Despite the hype of FinTech in recent years, the concept is nothing new. Much of the attention garnered by the industry is due to its fast evolution, significant investment in the space, and tremendous adoption in the business world. Combining financial services and technology is an approach long seen in the finance industry, with credit cards in the 1950s, electronic trading desks in the 1970s, and ATMs, which gained popularity in the 1980s. Personal finance apps and high-frequency trading are examples from more recent decades.
FinTechs (FTs) can broadly be defined as companies which leverage technology to offer services related to borrowing, budgeting and financial planning, insurance, money transfer and payments, and savings and investments. In some cases, FTs are the disruptors of certain industries and this has often been seen in the banking sector.
The borrowing category for FTs includes online loan providers and aggregators, while the budgeting and financial planning category is illustrated by online expense management or retirement tools. In the insurance space, examples abound including quote comparison sites and app-based insurance purchase and management tools.
Many of us have come to rely on payment apps such as Zelle or Venmo and their convenience cannot be denied. With the combination of credit cards and these apps, one can easily get by without cash for weeks or months at a time. In the savings and investments category, most of us are familiar with big names like SoFi and Robinhood.
There are other classification systems or “taxonomies” for describing FTs. Some use the term “as a service” notion for this purpose. In the banking space, the latest trend for FTs is “Banking as a Service” or BaaS for short.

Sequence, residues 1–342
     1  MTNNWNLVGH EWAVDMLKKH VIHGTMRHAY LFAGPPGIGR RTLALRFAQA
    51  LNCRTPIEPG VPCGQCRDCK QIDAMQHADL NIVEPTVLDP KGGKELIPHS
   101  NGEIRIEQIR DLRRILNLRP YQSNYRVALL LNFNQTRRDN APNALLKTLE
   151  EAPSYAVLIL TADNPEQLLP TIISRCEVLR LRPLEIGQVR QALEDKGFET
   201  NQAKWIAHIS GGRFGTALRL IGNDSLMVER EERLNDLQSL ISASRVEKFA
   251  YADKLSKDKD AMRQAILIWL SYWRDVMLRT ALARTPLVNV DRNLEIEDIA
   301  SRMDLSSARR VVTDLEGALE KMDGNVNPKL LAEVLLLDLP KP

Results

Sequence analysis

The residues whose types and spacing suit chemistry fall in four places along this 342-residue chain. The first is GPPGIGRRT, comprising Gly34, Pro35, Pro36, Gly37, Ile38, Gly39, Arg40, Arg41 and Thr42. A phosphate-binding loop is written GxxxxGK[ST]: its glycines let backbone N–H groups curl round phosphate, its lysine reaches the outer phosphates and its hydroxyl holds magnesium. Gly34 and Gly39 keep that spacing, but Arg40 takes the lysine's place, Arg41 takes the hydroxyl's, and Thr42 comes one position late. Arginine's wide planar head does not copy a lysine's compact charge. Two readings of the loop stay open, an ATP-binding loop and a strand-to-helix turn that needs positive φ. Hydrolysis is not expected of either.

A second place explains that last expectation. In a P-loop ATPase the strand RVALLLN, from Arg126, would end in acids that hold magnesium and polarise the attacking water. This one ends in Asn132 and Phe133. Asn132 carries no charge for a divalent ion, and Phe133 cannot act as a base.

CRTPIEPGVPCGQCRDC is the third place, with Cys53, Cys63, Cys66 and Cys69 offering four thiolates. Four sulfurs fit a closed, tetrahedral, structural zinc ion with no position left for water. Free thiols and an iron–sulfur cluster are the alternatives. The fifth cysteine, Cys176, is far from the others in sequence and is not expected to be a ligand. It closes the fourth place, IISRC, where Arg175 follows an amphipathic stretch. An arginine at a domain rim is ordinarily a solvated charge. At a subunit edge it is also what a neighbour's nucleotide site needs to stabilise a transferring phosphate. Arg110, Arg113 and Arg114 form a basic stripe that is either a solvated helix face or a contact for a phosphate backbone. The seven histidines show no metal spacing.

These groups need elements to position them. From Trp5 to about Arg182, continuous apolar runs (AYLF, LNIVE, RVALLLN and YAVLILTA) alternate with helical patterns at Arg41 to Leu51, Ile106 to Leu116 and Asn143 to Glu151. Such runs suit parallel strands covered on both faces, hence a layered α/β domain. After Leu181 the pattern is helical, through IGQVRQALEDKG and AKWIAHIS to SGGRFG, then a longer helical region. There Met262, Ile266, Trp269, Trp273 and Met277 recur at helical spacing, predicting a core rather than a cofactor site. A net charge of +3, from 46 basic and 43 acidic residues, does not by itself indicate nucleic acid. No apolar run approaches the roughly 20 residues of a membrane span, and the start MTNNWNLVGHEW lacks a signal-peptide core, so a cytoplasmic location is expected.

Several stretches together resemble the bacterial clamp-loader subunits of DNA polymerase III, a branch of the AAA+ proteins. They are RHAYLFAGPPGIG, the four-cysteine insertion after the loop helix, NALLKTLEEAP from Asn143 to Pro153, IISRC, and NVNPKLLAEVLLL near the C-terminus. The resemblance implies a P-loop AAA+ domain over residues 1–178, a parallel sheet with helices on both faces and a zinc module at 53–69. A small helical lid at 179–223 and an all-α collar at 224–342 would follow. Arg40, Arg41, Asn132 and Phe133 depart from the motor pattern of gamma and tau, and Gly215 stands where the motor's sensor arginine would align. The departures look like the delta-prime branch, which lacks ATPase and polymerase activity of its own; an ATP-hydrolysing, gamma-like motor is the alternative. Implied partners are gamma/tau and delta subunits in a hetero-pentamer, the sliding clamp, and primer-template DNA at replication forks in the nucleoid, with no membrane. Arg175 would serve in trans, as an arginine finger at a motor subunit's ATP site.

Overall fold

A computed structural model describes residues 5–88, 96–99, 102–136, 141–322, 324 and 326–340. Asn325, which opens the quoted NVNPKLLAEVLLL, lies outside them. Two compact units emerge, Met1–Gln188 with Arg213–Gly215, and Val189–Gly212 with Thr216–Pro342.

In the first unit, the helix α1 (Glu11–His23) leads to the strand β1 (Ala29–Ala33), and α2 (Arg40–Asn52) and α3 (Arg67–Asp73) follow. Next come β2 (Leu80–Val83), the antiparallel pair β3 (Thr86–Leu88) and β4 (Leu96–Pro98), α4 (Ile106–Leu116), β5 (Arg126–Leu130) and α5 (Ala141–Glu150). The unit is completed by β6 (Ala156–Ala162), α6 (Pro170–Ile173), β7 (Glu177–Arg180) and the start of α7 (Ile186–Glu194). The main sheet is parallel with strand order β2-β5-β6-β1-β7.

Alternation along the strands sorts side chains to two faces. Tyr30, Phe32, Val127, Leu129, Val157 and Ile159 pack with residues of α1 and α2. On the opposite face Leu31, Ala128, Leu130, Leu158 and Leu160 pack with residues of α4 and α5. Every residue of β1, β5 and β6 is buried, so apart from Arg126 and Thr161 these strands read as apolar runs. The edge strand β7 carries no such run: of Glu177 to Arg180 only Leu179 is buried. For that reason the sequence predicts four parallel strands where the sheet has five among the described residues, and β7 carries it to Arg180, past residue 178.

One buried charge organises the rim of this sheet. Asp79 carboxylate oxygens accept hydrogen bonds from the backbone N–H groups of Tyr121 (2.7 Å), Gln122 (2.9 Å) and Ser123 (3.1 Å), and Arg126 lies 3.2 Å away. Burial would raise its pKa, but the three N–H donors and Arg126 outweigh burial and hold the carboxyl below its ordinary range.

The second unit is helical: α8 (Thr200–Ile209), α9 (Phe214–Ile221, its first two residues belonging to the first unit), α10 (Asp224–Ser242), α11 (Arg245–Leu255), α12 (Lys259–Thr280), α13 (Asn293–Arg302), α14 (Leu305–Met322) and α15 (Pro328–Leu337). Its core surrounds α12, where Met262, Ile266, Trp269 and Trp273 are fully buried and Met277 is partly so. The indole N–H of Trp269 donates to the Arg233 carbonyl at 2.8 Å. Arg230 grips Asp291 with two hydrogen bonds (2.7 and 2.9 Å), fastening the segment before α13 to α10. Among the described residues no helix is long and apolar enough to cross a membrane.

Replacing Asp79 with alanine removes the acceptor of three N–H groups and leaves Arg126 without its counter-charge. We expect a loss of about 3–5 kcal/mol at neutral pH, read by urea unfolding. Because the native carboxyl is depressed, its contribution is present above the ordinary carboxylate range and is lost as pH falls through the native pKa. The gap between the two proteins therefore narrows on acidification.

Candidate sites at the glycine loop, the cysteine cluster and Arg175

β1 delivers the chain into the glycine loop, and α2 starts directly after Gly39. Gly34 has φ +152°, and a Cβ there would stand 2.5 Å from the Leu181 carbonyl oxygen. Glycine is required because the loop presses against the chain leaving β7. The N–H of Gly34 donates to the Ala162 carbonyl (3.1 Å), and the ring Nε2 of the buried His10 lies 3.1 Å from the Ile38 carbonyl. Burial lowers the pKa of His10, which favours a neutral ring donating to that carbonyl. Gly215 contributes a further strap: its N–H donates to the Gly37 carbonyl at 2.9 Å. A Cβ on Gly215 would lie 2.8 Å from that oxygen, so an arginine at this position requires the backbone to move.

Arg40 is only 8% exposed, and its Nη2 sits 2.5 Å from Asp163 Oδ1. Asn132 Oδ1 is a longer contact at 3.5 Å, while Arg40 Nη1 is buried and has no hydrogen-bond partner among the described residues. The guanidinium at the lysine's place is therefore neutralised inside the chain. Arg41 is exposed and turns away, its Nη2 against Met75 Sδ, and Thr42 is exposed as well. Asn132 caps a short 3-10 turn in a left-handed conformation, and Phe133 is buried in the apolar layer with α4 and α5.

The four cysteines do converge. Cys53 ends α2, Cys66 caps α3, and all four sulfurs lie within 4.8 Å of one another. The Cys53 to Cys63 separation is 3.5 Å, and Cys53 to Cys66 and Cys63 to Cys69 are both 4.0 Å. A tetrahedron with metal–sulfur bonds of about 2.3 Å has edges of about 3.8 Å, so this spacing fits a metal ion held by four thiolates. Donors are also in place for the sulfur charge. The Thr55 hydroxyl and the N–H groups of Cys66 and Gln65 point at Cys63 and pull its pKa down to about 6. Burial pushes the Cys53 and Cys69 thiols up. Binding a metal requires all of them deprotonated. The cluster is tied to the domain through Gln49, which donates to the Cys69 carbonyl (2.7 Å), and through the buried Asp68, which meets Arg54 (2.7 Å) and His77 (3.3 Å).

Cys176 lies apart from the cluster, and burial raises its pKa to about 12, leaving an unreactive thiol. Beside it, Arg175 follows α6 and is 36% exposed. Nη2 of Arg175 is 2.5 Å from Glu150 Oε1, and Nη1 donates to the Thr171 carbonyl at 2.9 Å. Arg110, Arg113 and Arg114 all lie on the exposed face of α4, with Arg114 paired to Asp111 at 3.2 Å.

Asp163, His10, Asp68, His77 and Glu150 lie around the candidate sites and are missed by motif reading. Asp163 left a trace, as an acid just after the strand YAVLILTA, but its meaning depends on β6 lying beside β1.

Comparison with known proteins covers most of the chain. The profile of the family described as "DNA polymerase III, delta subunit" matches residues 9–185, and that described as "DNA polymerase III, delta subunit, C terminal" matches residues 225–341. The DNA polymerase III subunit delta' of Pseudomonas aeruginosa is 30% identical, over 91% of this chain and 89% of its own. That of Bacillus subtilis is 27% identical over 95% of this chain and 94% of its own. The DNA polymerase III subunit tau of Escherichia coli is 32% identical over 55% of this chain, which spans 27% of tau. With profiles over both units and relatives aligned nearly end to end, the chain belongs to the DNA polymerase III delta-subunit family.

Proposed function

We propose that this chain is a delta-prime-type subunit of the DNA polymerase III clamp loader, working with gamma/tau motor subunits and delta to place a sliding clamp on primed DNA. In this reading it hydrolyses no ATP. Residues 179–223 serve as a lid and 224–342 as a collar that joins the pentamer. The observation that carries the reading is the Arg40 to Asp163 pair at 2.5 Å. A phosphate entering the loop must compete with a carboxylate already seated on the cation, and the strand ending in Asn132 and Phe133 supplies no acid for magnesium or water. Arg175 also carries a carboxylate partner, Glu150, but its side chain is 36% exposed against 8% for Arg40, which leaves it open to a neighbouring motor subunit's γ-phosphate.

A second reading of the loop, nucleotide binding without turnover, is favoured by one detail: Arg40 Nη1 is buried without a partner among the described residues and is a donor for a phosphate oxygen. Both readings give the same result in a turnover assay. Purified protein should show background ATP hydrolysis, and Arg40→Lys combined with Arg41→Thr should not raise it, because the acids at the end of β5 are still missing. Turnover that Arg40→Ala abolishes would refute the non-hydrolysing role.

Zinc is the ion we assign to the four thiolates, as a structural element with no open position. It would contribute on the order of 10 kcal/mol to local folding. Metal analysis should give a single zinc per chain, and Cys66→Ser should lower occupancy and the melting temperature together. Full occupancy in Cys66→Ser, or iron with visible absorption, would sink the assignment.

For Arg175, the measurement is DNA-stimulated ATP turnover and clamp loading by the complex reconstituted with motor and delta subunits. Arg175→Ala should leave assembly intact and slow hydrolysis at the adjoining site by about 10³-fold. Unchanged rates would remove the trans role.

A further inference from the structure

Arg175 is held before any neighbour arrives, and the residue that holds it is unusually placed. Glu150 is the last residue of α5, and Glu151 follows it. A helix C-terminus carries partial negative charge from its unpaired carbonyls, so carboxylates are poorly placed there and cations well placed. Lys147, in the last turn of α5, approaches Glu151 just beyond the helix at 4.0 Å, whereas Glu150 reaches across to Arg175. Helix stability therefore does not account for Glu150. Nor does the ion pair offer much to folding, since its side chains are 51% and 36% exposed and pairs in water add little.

The BaaS space is a huge growth area for FTs and continues to disrupt the traditional delivery of bank products. According to a recent study, the global BaaS market size is expected to reach nearly $75 billion by 2030, growing at a compound annual growth rate of 16.2% from 2022 to 2030.1
BaaS FTs serve as intermediaries between banks and the customers to whom they offer financial services. These BaaS players offer digital-based financial services through data sharing, optimized process management systems, and specialized innovation.
BaaS FTs aim to lower “friction” in the user experience and enable faster and easier delivery of financial services. BaaS has become the go-to dynamic solution to digitally deliver a customer-centric banking platform to the market quickly. BaaS providers offer a banking infrastructure through the use of APIs (Application Programming Interfaces) which can be implemented in a matter of months. Furthermore, this is typically accomplished without the need for monetary licenses or raising large amounts of capital.
When banks partner with BaaS FTs, the result is often a double-edged sword and the benefits often come with additional and significant risk exposures. In the next article, we will explore some of these risks and discuss leading practice mitigation strategies. In the meantime, you can learn more about SRA’s FinTech Risk Management solutions and services here.